Mellony is married to Stephen, and they navigate the beautiful journey of blended family life with stepson Brayden and their pup, Scraps.

Robert Griffith

Robert Griffith, a native of Oconee County, is the President and Owner of Golden Pantry Food Stores. Robert earned experience at Coca-Cola Enterprises and Jones & Frank in Charlotte, NC, before starting at Golden Patry Food Stores. Robert is a family man at heart, cherishing moments spent with his wife Meg, their six-year-old son Ben, and three-year-old daughter Maggie. Robert's deep-rooted connection to his hometown and his passion for family, church, and outdoor activities form the cornerstone of his personal and professional life.

Dan Elder

Dan has lived in Oconee County his entire life. He has been happily married to Ellen for 20 years, and they have two children, Daniel (18) and Allie (15). Dan is President of Oconee Well Drillers and North Georgia Water Systems, both headquartered in Watkinsville.  He also owns and manages several rental properties in Downtown Watkinsville.  Dan enjoys outdoor activities, including water sports, golf, snow skiing, fishing, and hiking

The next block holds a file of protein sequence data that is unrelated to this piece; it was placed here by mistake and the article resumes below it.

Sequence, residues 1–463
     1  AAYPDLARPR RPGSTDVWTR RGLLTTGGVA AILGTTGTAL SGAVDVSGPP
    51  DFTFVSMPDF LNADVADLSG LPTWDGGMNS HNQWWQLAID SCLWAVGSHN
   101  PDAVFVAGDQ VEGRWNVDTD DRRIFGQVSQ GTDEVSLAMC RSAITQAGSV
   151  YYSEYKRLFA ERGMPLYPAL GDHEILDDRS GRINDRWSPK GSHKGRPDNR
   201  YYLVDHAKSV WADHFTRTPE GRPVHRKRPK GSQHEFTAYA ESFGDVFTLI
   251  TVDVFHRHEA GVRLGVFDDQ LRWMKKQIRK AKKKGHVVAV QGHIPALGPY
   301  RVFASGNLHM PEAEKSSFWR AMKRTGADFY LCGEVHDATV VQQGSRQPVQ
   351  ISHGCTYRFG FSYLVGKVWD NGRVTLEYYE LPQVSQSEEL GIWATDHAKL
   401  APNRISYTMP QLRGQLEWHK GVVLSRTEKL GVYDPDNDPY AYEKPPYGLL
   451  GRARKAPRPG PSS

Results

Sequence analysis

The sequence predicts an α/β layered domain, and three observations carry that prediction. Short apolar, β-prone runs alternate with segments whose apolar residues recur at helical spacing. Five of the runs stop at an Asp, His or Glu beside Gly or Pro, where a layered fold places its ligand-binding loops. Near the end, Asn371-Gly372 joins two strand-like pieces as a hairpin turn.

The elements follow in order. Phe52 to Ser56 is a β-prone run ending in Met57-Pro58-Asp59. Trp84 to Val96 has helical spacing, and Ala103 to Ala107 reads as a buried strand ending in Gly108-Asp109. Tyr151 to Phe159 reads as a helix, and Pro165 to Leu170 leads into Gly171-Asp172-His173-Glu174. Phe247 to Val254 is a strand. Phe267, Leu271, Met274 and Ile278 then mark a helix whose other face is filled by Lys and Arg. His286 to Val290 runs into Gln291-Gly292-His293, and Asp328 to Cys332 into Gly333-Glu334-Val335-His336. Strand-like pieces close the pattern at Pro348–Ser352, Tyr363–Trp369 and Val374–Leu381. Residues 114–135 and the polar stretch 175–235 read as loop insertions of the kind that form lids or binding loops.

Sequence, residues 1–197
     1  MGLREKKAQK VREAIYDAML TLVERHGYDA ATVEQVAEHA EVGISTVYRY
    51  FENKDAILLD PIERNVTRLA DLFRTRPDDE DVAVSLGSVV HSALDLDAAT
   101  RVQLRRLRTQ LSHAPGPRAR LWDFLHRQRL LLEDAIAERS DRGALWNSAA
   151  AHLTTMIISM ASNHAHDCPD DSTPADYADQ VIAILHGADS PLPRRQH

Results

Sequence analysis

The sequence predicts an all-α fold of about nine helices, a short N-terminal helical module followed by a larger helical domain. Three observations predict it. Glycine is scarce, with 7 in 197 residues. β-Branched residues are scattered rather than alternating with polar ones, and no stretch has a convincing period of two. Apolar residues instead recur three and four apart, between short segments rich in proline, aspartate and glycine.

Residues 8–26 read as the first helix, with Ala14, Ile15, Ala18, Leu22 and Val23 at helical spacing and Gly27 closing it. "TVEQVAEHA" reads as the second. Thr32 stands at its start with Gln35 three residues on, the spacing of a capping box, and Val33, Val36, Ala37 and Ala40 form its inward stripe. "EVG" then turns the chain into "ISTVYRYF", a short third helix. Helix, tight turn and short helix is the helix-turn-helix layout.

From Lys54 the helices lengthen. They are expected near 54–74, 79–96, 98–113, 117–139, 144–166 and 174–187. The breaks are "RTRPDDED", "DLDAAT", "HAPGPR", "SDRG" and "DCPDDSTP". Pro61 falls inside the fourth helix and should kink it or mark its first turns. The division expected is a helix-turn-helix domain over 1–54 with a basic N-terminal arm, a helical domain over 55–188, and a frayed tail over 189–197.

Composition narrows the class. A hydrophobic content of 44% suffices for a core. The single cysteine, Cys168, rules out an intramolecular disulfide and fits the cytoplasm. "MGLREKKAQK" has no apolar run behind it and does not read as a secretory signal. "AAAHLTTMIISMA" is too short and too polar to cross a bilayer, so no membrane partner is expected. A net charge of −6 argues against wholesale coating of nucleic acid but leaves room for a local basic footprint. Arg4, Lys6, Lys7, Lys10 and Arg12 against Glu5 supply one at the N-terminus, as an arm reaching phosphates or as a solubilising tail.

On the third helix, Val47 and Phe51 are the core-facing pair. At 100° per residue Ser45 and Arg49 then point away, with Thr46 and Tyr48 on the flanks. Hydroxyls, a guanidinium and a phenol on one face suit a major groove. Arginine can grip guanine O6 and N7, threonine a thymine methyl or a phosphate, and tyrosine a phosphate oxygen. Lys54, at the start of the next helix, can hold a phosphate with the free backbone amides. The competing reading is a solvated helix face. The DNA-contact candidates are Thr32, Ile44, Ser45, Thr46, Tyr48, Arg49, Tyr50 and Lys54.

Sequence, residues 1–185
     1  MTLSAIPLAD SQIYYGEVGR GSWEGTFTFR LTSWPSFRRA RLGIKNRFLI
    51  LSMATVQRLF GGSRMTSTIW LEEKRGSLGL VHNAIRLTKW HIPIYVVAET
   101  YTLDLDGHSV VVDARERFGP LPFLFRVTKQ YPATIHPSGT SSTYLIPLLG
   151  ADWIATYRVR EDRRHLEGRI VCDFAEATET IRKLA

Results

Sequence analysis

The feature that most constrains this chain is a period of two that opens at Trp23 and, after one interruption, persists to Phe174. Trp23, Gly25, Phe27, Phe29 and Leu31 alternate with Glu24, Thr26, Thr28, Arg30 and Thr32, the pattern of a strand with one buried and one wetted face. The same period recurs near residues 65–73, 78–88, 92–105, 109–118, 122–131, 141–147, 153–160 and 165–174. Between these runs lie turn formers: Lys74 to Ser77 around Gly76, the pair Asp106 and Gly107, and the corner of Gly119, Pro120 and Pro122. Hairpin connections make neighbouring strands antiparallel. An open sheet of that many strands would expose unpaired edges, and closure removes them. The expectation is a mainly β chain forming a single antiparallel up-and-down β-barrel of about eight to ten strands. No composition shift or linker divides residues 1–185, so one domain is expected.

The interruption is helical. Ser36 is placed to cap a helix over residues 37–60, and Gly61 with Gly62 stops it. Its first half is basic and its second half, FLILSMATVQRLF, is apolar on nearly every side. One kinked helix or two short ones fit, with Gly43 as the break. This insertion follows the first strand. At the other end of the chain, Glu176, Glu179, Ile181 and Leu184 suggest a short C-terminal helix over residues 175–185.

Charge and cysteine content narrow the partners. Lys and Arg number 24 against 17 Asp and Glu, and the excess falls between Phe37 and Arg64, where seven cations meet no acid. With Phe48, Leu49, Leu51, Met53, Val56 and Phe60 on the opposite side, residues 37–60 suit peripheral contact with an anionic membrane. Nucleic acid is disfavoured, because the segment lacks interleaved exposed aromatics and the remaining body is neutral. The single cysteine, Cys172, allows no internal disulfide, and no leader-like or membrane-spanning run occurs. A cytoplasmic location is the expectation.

He and his family attend Ashford Memorial Methodist Church.

Brock Toole

Brock has been married to his college sweetheart Christie for 22 years and is the proud dad of Chloe, 15, Sophie, 13, & Dylan, 9. Brock worked for NAVIERAS, de Puerto Rico, after graduating from the real GSU (Georgia Southern) in 1997. He worked for Walmart & Oconee County Schools prior to becoming an entrepreneur with Satisfied Food Co. and South Main Brewing. He serves on numerous boards around our community and attends Watkinsville First Baptist church.  He loves Georgia and Georgia Southern Football.

Paul Lancaster

Paul moved to Athens in the summer of 1987 and is a Double Dawg, having received his bachelor’s degree in Real Estate and his Juris Doctorate degree from the University of Georgia. Paul opened his firm, Farmhouse Law, shortly after obtaining his JD degree and has been practicing real estate law for nearly thirty years. Paul is happiest when spending time with his family, moderating real estate transactions, and taking part in active negotiations.  Paul also enjoys solitude on his tractor, traveling, and trivia.